Syrian refugee Waad Hariri is still trying to rebuild her life, a year after the massive harbor explosion in Beirut ravaged her apartment, injuring her husband and traumatizing her children.
In the weeks after the explosion in August 2020, the family suffered another hard blow: the loss of their home.
A series of eviction attempts — often targeting refugees and migrant tenants — took place in the wake of the deadly Aug. 4 blast, highlighting the lack of state protection for vulnerable groups during the disaster response, critics said.
“We have lost the community we have lived in for ten years. It is very difficult for me, but also for my children who are always begging to go and play with their friends in Karantina,” says Hariri, referring to their former neighborhood in the capital. from Lebanon.
A year after the blast, which killed more than 200 people and destroyed parts of the city, activists and analysts said the government had failed to lead the reconstruction, fueling inequality and a lack of transparency.
“If you don’t have the state as a key player coordinating reconstruction, it usually happens in a fragmented way, which comes at a cost, especially for the most vulnerable,” said Mona Harb, a professor of urban studies and politics at American University. from Beirut.
Government agencies led less than 1% of initiatives such as water and food distribution and reconstruction in blast-hit areas in the month of August 19 to September 20, according to local research organization Lebanon Support.
Instead, the immediate clean-up and relief operation was led by thousands of volunteers armed with dustpans and brooms, local and international NGOs, opposition groups, sectarian political parties and religious organizations.
Prime Minister Hassan Diab’s government resigned days after the explosion, which struck amid a deep economic crisis and the COVID-19 pandemic.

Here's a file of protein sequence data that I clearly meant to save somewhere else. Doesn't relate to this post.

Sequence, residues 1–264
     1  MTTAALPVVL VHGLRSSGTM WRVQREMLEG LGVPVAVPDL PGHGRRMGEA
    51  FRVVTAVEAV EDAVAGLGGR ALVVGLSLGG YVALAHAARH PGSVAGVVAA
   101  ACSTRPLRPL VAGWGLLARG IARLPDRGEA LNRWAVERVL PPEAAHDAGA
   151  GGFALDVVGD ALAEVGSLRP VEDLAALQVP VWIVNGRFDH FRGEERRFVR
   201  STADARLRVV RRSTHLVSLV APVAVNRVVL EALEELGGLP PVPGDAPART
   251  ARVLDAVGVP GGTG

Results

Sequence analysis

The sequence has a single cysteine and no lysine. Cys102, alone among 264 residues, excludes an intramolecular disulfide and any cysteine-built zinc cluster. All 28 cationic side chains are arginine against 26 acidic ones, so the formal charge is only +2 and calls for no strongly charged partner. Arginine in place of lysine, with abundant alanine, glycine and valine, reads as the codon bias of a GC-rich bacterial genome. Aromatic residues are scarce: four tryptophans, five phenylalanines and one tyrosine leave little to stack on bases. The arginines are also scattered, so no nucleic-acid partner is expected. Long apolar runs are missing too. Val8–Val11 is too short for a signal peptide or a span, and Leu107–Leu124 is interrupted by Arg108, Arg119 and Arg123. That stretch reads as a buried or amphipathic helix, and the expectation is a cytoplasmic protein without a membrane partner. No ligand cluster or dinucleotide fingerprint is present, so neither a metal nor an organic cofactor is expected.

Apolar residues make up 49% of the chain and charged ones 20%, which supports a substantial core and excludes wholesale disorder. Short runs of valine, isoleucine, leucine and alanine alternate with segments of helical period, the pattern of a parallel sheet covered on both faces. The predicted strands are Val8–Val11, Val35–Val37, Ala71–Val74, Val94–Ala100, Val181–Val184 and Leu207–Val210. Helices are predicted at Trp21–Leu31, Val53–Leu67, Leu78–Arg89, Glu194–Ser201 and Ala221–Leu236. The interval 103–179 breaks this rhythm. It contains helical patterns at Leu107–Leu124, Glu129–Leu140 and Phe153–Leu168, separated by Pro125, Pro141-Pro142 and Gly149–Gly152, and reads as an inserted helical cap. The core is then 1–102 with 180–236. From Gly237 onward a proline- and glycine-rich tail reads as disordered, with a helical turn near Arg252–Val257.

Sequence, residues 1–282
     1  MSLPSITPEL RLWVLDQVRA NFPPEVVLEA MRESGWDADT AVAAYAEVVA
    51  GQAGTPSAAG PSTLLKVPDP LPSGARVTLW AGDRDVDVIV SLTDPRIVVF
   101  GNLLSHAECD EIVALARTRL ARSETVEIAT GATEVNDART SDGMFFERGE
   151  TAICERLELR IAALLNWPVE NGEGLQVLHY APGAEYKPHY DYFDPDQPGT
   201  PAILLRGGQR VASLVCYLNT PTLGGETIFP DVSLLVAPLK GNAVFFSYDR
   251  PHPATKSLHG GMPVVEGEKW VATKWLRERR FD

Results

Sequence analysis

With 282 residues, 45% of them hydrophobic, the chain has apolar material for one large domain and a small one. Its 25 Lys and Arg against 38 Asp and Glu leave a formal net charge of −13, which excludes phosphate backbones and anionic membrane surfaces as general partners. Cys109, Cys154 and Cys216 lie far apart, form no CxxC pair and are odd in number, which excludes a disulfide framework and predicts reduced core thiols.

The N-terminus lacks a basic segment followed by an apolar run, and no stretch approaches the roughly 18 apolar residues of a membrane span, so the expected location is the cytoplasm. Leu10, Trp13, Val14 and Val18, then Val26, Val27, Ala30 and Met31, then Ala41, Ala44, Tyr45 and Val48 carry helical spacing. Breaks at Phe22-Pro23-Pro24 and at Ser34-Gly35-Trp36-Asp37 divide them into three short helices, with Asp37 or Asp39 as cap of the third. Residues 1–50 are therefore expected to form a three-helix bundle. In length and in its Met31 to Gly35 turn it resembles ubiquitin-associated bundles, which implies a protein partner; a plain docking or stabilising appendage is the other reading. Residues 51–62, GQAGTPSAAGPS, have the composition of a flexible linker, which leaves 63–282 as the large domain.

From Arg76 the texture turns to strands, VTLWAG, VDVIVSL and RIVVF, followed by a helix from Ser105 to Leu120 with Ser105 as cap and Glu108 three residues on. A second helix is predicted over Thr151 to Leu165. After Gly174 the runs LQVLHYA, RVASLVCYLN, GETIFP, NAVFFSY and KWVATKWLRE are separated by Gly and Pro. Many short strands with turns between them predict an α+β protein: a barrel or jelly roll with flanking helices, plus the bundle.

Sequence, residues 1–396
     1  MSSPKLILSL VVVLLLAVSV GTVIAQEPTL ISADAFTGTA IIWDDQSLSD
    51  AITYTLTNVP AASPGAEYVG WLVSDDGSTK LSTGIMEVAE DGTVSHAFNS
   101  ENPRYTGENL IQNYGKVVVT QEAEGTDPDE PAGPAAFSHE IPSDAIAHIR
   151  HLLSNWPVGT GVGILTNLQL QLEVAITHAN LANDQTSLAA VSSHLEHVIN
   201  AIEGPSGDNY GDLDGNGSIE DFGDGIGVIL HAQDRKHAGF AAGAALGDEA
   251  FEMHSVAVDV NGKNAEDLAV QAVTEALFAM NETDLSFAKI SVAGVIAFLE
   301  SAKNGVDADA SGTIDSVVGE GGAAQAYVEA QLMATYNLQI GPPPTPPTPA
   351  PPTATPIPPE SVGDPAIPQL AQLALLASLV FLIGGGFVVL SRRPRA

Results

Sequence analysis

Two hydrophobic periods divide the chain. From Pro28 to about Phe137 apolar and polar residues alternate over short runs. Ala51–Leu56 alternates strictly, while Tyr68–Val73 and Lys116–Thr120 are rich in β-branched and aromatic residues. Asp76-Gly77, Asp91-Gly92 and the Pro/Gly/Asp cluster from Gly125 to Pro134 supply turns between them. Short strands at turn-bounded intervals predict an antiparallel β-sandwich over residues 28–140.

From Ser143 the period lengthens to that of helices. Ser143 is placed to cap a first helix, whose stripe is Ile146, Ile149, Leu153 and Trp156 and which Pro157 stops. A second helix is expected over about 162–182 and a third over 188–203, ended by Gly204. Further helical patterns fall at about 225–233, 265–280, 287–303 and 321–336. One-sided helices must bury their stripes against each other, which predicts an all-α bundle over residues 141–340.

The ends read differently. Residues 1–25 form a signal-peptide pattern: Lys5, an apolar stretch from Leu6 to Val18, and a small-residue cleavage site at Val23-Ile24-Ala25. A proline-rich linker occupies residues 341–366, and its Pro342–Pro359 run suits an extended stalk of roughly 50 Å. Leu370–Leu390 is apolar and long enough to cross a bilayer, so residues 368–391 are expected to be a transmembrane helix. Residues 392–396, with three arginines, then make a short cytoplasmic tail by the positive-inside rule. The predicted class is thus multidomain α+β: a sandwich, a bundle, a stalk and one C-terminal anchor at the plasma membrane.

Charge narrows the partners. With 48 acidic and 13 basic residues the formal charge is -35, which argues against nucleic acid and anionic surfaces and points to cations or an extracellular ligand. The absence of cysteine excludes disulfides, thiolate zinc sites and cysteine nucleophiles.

Many Lebanese viewed the explosion – fueled by a large amount of explosive material that had been misstored for years – as a symbol of deep-seated corruption in state institutions.
‘Left to their fate’
Without a strong state presence to enforce legal protections — such as tenant rights — and ensure aid reaches everyone, marginalized groups face even greater exclusion, Harb said.
“It means that people are left to their own devices and depend on social capital and their networks to access help. Those who don’t have these networks are left behind,” said Harb, who is also a research leader at Beirut Urban Lab.
A spokesman for Beirut’s governor, Marwan Abboud, said the disaster would have been a challenge for any government.
“So we shouldn’t talk about the state’s absence in response because whatever its capabilities, it would have been too little,” the spokesperson said, adding that the eviction issues were overblown.
A housing monitor set up by Public Works Studio, a research and advocacy group, documented 114 eviction threats in affected areas from a month after the blast to April 2021, affecting hundreds of people.